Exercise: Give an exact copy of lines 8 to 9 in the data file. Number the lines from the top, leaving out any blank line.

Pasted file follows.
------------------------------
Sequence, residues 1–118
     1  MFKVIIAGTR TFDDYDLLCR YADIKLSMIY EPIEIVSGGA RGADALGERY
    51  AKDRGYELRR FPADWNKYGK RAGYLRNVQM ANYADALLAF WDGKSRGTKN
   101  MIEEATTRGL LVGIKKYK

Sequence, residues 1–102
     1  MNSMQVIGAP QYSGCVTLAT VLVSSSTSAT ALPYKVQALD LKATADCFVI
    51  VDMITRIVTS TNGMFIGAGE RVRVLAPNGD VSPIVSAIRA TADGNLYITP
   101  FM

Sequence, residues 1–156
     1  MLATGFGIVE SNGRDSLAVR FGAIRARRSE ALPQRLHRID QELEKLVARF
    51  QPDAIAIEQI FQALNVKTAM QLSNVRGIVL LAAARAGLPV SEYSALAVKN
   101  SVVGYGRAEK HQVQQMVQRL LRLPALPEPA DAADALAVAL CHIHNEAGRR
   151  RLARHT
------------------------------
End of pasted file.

   101  FM

Sequence, residues 1–156